If you are an American, Australian, Or New Zealand citizen you must have a passport valid for at least 3 months beyond your planned trip. A visa is not required unless you plan on staying longer than 90 days. Citizens from most other countries must apply for a Schengen visa to travel in Italy. This visa will also allow travel from one country to another within the Schengen area without having to complete any other formalities. Make sure you check your specific requirements before traveling to ensure you don’t have any issues. You can click here to read more about the requirements.
As I am writing this the exchange rate is 1 USD to 0.84 EUR. The exchange rate is constantly fluctuating but can be checked with a quick Google search.
Credit Cards and ATMs
Most businesses throughout Italy take credit cards, especially in the main tourist cities. You will still want to make sure you have cash on you though. If you are in a smaller town or if you take public transportation you will need Euros.
If you plan on renting a car you will need a credit card that matches the name of the person renting the car. Make sure to let your bank or credit card company know that you will be traveling.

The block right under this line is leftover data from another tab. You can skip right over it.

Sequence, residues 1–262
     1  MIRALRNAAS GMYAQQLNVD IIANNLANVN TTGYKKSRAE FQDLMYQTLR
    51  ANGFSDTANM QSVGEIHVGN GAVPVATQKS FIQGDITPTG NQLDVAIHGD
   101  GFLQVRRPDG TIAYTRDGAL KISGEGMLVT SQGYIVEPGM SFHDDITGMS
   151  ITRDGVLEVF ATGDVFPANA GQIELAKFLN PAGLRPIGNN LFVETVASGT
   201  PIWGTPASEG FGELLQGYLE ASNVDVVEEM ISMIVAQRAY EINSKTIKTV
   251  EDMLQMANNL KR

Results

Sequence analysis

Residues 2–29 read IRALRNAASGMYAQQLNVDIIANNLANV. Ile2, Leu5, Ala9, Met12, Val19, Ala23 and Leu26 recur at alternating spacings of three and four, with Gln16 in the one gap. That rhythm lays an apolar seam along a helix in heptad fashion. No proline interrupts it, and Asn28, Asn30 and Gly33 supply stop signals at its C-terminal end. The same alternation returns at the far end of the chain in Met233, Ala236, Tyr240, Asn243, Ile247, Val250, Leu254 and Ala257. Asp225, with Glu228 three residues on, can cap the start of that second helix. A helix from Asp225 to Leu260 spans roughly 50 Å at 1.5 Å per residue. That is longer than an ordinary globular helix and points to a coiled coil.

We normally take out some of the currency we will need before traveling and then use our Capital One Venture card when we can. It has no transaction fees and makes our lives much easier.
Italy’s power outlets are 2-prong sockets with 230V and 50 Hz. We have this universal adapter with a surge protector to make sure we are always prepared when traveling.
Like most of Europe, Italy is generally safe. There have been risks of terrorist attacks in some of the major cities like Rome and Milan, but those risks are low. Always check the US Embassy website before traveling and always be prepared while traveling to a different country. Click here to read our tips for staying safe when traveling abroad.
There is always a risk of scams and theft while traveling abroad. While we have never been victims of theft while traveling, we have been “scammed”. It happened on our first trip to Italy, which was also our first trip out of the country, on our way to see the Spanish Steps.